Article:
“Jurassic World: Fallen Kingdom”- Movie Review I can’t remember the first time I saw Jurassic Park. A part of me wants to say I came found it on cable while channel-surfing, […]
“Jurassic World: Fallen Kingdom”- Movie Review
I can’t remember the first time I saw Jurassic Park. A part of me wants to say I came found it on cable while channel-surfing, yet at the same time my mind is painting a very distinct picture of me getting the VHS tape out from my grandma’s video cabinet and popping it in the VCR. Either way, it doesn’t really matter how I discovered the film. What I know for sure is how is how it I felt watching it. Jurassic Park has that cinematic magic. Whenever I watch the film, or see the logo, or listen to John Williams’ brilliant score, I feel like a little kid again being swept up in a dangerous yet inspiring adventure. Unfortunately, that sense of awe hasn’t really followed into the most recent follow-ups to Jurassic Park. So going into the series’ fifth installment, I wasn’t sure what to expect.
Fallen Kingdom picks up three years after the disastrous events of the first Jurassic World. The park is left in ruins, and the pending eruption of a dormant volcano threatens to wipe out the dinosaurs on the island. This sparks a fierce debate. Although made in a laboratory, do these creatures have rights just like other animals? Should nature take its course and the dinosaurs be left to die, or do they deserve to be saved from extinction? Owen Grady (Chris Pratt) and Claire Dearing (Bryce Dallas Howard) sure think so. They take part in a massive rescue operation to help the remaining dinosaurs, though efforts prove futile once they uncover the operation’s true intentions.
The film’s director, J.A. Bayona, has quite an interesting resume. He’s written, directed, and produced a handful of Spanish short films, and has also lent his talents to more mainstream projects such as A Monster Calls, The Impossible, and the acclaimed horror film, The Orphanage. Clearly, the guy has a knack for dark storytelling. Visually speaking, Fallen Kingdom isn’t devoid of artistic effort. It’s a very nice-looking film, composed of shots that convey a constant sense of danger, slow and intense reveals of dinosaurs lurking in the shadows, and a decent blend of CGI and animatronics that help make the dinosaurs feel more alive. Though as wonderfully crafted as Bayona’s vision is, it isn’t enough to save a story that’s bloated with repeats, a pointless twist, and horrible decision-making.
You’d think that being the fifth addition to a franchise, Fallen Kingdom would step outside the box and commit to doing something new. And at first, that’s what it seems to be doing. The animal rights angle and the notion of trying to get the dinosaurs off the island are solid, intriguing enough ideas to fill out the entire movie. Instead, it’s compressed into a rushed first act, with the rest of the film playing it safe. It recycles certain narrative beats that we’ve already seen in the first Jurassic World– from creating a new dinosaur hybrid that breaks out and wreaks havoc to having a bad guy advocating to weaponize the dinosaurs (which is and always will be a stupid idea) – and the few call backs to the original Jurassic Park feel less like clever homages and more like tired reminders.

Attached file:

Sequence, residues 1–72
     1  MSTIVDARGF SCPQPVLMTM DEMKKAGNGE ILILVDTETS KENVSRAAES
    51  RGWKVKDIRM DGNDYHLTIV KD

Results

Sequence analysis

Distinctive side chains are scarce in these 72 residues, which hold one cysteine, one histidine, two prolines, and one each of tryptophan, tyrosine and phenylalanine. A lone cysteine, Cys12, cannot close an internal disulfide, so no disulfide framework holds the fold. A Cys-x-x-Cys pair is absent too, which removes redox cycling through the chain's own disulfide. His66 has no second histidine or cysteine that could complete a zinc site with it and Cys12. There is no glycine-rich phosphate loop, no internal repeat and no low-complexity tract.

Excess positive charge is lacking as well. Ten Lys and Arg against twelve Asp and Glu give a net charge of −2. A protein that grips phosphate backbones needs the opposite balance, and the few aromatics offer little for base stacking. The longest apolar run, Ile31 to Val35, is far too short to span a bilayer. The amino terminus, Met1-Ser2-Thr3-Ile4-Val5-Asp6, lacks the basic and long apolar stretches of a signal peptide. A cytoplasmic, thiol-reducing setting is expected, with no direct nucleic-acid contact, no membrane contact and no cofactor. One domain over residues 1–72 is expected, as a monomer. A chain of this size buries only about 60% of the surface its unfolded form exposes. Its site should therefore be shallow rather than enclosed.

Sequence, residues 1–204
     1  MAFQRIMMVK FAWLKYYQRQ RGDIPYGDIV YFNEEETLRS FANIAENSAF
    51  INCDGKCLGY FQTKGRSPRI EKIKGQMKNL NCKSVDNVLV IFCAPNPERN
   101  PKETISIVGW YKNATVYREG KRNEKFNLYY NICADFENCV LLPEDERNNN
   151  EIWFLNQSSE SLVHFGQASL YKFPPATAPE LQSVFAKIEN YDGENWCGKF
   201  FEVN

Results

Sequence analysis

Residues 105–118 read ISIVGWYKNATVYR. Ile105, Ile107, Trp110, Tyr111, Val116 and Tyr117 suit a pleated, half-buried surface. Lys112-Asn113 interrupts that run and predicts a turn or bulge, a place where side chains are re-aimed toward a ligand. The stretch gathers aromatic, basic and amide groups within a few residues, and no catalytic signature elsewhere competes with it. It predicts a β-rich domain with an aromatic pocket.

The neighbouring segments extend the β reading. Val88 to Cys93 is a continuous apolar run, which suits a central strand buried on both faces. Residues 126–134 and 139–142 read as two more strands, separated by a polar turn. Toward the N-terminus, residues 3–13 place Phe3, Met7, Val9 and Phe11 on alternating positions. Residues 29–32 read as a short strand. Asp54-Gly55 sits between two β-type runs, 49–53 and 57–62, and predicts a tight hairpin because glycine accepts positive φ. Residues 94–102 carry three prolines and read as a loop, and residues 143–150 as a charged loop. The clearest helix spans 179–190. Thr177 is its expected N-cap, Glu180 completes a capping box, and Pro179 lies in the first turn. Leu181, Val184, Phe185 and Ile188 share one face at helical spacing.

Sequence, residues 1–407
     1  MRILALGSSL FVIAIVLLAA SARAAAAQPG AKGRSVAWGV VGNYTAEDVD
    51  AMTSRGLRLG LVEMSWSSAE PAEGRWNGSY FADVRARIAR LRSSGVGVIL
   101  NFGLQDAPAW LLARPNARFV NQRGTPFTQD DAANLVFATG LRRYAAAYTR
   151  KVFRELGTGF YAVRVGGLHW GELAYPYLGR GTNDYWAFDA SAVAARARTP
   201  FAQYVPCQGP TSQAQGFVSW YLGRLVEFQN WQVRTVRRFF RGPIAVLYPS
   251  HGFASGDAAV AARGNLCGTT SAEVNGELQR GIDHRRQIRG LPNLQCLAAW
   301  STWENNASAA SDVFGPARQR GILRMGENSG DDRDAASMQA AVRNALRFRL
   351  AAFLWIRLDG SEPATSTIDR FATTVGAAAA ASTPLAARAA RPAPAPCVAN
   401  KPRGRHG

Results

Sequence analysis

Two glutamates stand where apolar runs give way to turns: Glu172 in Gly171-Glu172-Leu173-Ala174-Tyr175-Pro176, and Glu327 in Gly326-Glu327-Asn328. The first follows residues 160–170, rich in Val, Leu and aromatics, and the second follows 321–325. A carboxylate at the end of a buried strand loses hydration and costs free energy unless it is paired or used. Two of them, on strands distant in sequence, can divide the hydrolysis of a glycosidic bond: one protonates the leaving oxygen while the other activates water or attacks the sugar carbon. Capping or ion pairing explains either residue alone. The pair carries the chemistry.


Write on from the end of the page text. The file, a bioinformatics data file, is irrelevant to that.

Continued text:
In terms of the characters, there’s not much to get attached to. Chris Pratt is charming and humorous as always. The character of Owen never really grows or changes throughout the film, but the bond he has with the raptor, Blu, is admittedly adorable. Bryce Dallas Howard’s character at least feels different from the first movie, and she gives a fine performance. I never bought into their romance. Why they couldn’t be strictly platonic, I don’t know. That’s just my personal Hollywood peeve. The comic relief, a stereotypically geeky, germaphobic, easily-frightened kid named Franklin (played by Justice Smith), annoyed me so much that every time I saw him I prayed he’d get eaten by raptors or be carried off by a pterodactyl. Although Rafe Spall, who plays the villain, isn’t over the top, the writing of his character is. He’s one of those suit-and-tie wearing, money-hungry villains you’ve seen in cheesy cartoons. All he needed was a mustache to twirl.
Isabella Sermon, the actress playing the young girl in the film, is in an interesting predicament. In my opinion, she’s one of the highlights. Her performance is strong, her character, up until the last five minutes, is smart, and she handles the few emotional moments pretty well. At the same time, however, her role is attached to two of the biggest flaws with this movie. An aspect of her character and the reveal of it are pointless, and add nothing to the story in any shape or form. To make things worse, she’s involved with a decision at the end that’s treated like a respectable choice when in reality it’s a horrible one that puts thousands of people’s’ lives at risk. I understand the end goal that writers Colin Trevorrow and Derek Connelly were trying to reach, but I think it could’ve been handled in a smarter way.
With all that being said, I don’t dislike this movie. Between the craftsmanship, the dinosaurs themselves, and the fine performances, I can’t say I was ever bored. I was always interested in where the movie was going, but where it ultimately went was beyond disappointing. If all you want is to do is turn your brain off and see dinosaurs do some cool things, then you’ll probably have fun with Jurassic World: Fallen Kingdom. For me, one word best sums it up: meh.
Cosmic Grade: 3/5 Stars